Open-source software supply chain attacks are on the rise – but they’re mainly our own fault

Daphne Frik

11 April 2024

How do we find vulnerabilities in software and prevent cyberattacks? Most of the time, it takes entire teams at big tech companies. Often, we do not even find them before it’s too late. But sometimes, it only takes one person paying attention at the right time.

At the end of last month, a software engineer working for Microsoft noticed a backdoor in XZ Utils, a compression and decompression library available on almost all installations of Linux. While doing routine maintenance and reviewing a log of automated tests, the engineer found a few error messages he did not recognize, the New York Times reported. Later, he noticed that SSH was using more processing power than normal, and he was able to trace the issue to XZ Utils. When going through the source code, the engineer found malicious code in the latest versions of XZ Utils, allowing the creator of this backdoor to hijack a user’s SSH connection.

Described as “one of the best-executed supply chain attacks we’ve seen described in the open,” the backdoor seemed to have been several years in the making, according to researchers looking at the attack.

So far, however, no impacted devices have been found. Although the damage could have been widespread, as ZX Utils is heavily used in embedded systems and firmware deployment, the slow deployment of the device updates seemed to have played a positive role in preventing damage, Spiceworks noted.

Supply chain incidents

The recent incident highlights the issues that are inherent to the nature of open-source software. Yet, when attacks involve an entire supply chain, things can get even worse.

This became clear during the SolarWinds attack. At the end of 2020, hackers gained access to the networks, systems, and customer data of the U.S.-based software company. The hackers were able to do so by gaining unauthorized access to the network, injecting malicious code into the third-party software used by SolarWinds, and sending out software updates with hacked code.

The hack triggered a huge supply chain incident that affected thousands of organizations, such as Microsoft, Cisco, Deloitte – and several U.S. government departments.

Open-source software risks

In software supply chain attacks, attackers are looking for weaknesses in the code to exploit. Usually, these attacks are used as a vehicle to gain access to something. When it comes to open-source software, attackers might have an easier way in.

Open-source software supply chain attacks have tripled since 2019, according to Sonatype’s 2023 State of the Software Supply Chain Report. The software company logged over 245,032 malicious packages in open-source projects available to public download in 2023, which was double the number seen from 2019 to 2022. CPO Magazine highlights from the report that “correctable user behavior continues to be by far the leading cause of software supply chain attacks,” as 96 percent of the projects that pose a risk have a version available that removes the vulnerability. In summary – users should be updating their software in a timely manner.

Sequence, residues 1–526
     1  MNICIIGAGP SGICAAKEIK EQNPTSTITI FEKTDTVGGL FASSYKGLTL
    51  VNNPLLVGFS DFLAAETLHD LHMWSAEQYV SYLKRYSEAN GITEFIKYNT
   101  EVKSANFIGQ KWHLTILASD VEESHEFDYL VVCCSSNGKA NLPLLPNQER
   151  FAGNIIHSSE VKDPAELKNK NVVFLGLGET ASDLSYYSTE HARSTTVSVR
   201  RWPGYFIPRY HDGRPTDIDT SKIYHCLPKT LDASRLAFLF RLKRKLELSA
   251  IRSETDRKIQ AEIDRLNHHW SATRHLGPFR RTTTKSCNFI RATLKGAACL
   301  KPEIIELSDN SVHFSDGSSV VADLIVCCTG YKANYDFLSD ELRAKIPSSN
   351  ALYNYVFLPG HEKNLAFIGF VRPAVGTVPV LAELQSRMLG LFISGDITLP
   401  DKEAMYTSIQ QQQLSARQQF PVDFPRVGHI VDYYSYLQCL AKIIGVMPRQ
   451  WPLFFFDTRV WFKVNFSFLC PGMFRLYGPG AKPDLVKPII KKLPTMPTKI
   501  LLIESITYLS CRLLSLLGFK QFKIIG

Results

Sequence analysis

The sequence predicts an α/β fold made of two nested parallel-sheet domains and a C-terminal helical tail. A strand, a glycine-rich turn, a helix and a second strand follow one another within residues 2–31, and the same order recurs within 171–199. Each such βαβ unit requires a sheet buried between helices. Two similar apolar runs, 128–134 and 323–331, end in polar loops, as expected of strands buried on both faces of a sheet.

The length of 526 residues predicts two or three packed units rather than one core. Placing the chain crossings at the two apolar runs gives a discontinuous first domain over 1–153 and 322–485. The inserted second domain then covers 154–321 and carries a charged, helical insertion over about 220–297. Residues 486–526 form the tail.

Protecting against attacks

Other than updating our software on time, a few other strategies can help prevent attackers from gaining access. Firstly, companies need to have a software bill of materials (SBOM): a list of all open-source and third-party components present in a codebase. This SBOM also needs to include all licenses, versions, and patch statuses.

Every software component in the SBOM should then be scanned for publicly disclosed cybersecurity vulnerabilities during the entire CI/CD pipeline, from build to test to deployment to run time. As Infoworld rightly points out, vulnerability scanning should start at the earliest stages of the software development lifecycle, before issues become more difficult to fix.

Lastly, a company should have zero-trust initiatives. As CSO Online explains, “At its core, zero trust is a way to think about and structure a security strategy based on the idea of ‘trust no one and nothing, verify everything’.” By adopting a different mindset that removes implicit trust and replaces this with verification among the different frameworks, security challenges can be more easily spotted and addressed.